Brain-terminal.com raises valid questions about the Newsweek's story and its aftermath
My posting about Afghanistan and the protests were written out of anger and weren't politically correct. I understand that but I would rather express how I feel than to hide behind some kind of facade of tolerance. I believe its more benefitial to society as a whole if were open and had a free dialogue of how we truly feel, not how we should feel. If I'm pissed, I'll tell you I'm pissed. If that's unfounded, tell me why and don't accuse me of being racists because I feel a certain way. Respect for opinions, not surpression, is how we breed tolerance.
Anyway, Evan Coyne Maloney raises some good points and questions about the Newsweek fiasco. Here's a sample:
- Newsweek's original report referred to "sources" corroborating the Koran-flushing story. The "s" at the end of "sources" indicates more than one source. But, as we now know, Newsweek had only one source for the story. So why lie to readers that way? Was Newsweek trying to make us think the story was more legitimate than it turned out to be? Or is this standard journalistic practice? Inquiring minds want to know!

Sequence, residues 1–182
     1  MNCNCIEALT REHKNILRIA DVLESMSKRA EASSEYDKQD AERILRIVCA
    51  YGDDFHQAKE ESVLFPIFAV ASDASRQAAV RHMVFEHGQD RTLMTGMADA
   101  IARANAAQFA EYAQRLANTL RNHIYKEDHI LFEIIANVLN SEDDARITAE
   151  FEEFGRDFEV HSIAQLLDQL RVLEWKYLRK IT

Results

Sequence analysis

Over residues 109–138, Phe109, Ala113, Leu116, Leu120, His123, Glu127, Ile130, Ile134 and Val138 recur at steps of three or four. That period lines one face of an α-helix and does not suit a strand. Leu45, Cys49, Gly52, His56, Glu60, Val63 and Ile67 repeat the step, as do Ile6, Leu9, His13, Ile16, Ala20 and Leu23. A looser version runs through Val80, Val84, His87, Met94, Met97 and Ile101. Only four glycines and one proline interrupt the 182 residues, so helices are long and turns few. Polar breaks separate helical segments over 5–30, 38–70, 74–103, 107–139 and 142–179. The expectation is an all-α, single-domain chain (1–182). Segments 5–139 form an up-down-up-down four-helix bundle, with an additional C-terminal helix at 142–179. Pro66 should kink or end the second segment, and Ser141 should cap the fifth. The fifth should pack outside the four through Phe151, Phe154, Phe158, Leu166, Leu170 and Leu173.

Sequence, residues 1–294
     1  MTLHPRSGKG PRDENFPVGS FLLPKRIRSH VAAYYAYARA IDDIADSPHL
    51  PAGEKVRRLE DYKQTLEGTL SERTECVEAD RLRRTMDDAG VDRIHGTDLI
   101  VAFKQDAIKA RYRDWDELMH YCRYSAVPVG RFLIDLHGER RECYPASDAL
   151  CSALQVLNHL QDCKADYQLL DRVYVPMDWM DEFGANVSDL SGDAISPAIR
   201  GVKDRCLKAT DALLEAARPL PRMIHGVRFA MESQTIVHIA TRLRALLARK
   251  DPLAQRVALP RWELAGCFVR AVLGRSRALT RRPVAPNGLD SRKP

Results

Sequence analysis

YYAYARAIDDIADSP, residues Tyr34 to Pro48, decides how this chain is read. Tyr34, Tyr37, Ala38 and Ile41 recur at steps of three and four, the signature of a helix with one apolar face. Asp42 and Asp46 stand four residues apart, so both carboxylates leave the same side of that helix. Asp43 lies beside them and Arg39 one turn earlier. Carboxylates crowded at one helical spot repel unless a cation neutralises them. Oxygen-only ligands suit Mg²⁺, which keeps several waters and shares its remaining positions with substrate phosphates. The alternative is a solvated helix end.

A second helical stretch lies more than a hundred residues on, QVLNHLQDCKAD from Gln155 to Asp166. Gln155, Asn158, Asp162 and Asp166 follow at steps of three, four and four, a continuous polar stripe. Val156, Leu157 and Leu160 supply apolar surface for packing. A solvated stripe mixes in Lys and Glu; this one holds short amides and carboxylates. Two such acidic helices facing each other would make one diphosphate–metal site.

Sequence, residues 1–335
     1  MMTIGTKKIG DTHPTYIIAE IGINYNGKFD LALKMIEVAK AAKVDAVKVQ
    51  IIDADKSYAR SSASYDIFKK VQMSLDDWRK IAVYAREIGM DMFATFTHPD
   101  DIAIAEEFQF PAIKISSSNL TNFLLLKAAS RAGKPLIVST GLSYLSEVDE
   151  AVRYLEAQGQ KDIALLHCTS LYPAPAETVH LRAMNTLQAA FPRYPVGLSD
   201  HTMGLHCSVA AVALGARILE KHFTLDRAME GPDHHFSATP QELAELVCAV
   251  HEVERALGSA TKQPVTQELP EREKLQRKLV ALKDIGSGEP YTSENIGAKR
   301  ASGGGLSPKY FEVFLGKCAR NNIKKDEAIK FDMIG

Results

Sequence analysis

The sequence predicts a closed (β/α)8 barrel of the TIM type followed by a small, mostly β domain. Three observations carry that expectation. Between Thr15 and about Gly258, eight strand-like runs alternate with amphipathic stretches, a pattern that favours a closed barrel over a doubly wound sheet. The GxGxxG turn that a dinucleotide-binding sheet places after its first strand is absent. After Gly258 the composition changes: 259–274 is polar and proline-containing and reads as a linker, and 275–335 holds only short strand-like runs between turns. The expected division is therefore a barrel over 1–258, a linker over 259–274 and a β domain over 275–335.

- For years, our media has reported unsubstantiated allegations from military detainees. The mere reporting of these charges serves to legitimize them, whether or not they were backed up by any evidence. In fact, al Qaeda training manual advises captured operatives to "complain of mistreatment while in prison." Making unfounded charges is part of the playbook of our enemy! So, it would be nice if the media, which prides itself on skepticism, would treat the statements of al Qaeda prisoners at least as skeptically as they treat those of our leaders. (more)